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Crater of New Geyser Which Burst Forth in 1928 in Yellowstone National Park, Wyoming.

A NEW WONDER IN THE LAND OF WONDERS--THE GEYSER OF 1928, YELLOWSTONE NATIONAL PARK, WYOMING. Travelers who have not been in Yellowstone National Park since the summer of 1928 have never seen the formidable geyser into whose steaming crater we are now peering. For this giant among the monsters of the world's greatest geyser region was born as recently as that year, bursting into being without warning in a spot where no such phenomenon had been expected. So great was the power of the new geyser that it tore its way through a deep stratum of black sand and hard clay, with a surface layer of two feet of flint-like sinter, and hurled its deluge of almost boiling water 100 feet into the air. The forest trees for some distance on every side were scalded to death and covered with mud and mineral deposits. The waters escaping from the initial eruption and the later ones which have followed it evern since at approximately 12-hour intervals, have torn a deep gully from the crater down the slope to the nearest stream. When the geyser comes into action it does so with a loud explosion and continues for about three hours to throw in every direction jets of hot water which rise to heights of from 60 to 75 feet, with occasional spurts of 100 feet. During each eruption it is estimated that approximately 450,000 gallons of water are ejected. The huge spouter lies two miles west of old Excelsior Geyser, near the southwestern edge of the Lower Geyser Basin. With a roughly circular crater about eight feet deep, 120 feet long and 100 feet wide, it is much the largest geyser now active in the Park.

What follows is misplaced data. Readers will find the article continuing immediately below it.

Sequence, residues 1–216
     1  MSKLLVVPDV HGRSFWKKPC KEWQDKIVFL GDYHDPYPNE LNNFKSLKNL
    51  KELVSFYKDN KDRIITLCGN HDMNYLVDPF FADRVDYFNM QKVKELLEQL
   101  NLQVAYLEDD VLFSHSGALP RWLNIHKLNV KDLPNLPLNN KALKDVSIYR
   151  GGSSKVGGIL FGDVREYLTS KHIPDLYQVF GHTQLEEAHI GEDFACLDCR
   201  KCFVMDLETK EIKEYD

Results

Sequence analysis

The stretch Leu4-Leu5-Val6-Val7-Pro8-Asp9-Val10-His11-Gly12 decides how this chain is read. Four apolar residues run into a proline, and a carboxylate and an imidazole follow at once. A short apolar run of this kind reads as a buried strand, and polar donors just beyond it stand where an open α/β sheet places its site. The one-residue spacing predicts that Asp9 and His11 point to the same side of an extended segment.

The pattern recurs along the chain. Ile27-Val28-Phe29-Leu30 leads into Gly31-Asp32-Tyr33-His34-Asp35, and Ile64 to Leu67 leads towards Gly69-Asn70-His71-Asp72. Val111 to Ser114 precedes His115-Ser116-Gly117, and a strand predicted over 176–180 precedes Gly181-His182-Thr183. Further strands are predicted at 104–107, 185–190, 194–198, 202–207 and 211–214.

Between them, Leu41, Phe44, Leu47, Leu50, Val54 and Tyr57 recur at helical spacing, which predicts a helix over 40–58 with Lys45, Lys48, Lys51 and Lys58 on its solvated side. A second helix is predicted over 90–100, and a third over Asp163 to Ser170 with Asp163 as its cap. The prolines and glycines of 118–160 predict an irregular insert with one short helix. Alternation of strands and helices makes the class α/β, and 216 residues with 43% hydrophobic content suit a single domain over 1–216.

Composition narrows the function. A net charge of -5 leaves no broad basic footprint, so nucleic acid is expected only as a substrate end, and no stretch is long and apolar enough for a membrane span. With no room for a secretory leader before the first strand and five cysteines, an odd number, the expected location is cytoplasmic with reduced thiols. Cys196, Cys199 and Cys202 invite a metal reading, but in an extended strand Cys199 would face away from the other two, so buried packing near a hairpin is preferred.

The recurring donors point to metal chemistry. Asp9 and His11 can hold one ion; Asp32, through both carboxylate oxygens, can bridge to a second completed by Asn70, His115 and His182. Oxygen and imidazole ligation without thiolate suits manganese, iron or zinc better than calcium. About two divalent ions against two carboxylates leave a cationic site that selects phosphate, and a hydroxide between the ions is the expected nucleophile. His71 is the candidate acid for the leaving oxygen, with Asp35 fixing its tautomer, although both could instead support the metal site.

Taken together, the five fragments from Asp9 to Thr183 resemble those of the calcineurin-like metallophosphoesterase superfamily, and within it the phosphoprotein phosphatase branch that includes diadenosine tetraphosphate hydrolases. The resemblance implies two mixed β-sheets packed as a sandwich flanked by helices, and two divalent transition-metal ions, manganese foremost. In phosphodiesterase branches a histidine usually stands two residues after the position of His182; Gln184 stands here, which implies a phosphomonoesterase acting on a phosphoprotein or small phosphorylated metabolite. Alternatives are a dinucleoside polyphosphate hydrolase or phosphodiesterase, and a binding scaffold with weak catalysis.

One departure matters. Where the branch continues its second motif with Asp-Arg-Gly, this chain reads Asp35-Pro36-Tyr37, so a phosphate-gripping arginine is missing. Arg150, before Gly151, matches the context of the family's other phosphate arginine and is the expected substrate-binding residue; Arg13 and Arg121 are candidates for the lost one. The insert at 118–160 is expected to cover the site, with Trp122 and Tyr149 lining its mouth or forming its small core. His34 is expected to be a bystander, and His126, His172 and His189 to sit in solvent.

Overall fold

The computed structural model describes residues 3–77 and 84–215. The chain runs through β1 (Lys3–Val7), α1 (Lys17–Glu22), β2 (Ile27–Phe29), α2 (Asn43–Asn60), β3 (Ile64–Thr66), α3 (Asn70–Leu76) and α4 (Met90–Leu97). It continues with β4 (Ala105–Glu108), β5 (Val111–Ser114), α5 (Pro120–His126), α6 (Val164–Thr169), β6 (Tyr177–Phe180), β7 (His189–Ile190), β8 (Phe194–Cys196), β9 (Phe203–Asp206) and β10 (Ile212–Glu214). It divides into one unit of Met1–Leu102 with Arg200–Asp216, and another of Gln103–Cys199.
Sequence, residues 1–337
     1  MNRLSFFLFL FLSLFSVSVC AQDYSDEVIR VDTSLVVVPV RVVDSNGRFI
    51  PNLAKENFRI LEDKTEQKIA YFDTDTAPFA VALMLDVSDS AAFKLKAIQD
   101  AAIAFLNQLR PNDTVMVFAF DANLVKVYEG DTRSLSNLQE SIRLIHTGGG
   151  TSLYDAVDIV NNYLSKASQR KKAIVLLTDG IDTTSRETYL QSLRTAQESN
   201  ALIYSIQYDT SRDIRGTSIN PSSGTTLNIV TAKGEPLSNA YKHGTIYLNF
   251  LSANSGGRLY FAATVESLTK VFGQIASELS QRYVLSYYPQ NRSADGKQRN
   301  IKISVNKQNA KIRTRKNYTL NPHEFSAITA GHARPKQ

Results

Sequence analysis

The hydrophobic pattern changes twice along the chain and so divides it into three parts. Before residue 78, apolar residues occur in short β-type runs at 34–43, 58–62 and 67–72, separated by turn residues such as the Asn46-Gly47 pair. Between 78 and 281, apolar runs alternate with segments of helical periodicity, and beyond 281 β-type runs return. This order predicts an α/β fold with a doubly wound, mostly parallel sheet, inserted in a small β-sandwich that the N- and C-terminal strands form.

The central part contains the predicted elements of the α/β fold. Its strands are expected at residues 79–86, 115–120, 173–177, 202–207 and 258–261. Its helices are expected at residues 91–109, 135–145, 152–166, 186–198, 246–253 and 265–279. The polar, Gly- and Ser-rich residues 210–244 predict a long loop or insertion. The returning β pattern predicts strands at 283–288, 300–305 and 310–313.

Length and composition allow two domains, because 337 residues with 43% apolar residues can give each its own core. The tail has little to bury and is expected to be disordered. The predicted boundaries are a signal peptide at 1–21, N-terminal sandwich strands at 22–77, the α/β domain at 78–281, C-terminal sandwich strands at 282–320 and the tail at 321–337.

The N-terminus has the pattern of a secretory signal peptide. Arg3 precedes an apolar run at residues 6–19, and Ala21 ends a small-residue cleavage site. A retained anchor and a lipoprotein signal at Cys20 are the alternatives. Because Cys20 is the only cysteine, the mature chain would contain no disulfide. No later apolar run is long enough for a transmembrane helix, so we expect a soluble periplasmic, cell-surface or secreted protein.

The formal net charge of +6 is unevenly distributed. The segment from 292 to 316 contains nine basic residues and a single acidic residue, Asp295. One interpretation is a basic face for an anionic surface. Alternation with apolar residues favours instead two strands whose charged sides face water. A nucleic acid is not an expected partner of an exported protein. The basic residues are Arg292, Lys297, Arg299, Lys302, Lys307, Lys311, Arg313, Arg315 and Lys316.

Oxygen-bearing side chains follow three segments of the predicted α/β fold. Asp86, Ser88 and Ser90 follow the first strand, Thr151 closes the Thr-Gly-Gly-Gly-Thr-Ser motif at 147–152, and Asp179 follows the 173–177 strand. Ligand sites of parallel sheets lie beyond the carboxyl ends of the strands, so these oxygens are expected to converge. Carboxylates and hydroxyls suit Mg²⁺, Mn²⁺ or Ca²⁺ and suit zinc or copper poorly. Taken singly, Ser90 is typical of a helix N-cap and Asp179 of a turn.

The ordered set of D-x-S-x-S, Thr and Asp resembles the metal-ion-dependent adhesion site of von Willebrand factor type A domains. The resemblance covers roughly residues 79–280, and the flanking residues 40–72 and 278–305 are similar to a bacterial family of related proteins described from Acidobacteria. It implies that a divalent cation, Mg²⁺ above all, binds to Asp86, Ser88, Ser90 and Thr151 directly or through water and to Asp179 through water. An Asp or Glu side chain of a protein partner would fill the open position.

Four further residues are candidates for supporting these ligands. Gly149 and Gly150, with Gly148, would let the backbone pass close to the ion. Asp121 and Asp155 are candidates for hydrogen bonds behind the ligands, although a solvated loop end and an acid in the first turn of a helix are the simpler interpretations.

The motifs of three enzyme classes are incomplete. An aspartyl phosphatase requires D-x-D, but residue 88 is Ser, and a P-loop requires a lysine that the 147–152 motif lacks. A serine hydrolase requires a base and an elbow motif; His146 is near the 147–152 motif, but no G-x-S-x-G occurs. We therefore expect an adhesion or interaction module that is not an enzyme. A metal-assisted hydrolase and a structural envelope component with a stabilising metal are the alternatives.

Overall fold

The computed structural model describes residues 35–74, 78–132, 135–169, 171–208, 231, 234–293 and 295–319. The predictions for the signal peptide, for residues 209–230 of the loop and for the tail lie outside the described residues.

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Photography,Stereoscopic,Yellowstone National Park,Wyoming
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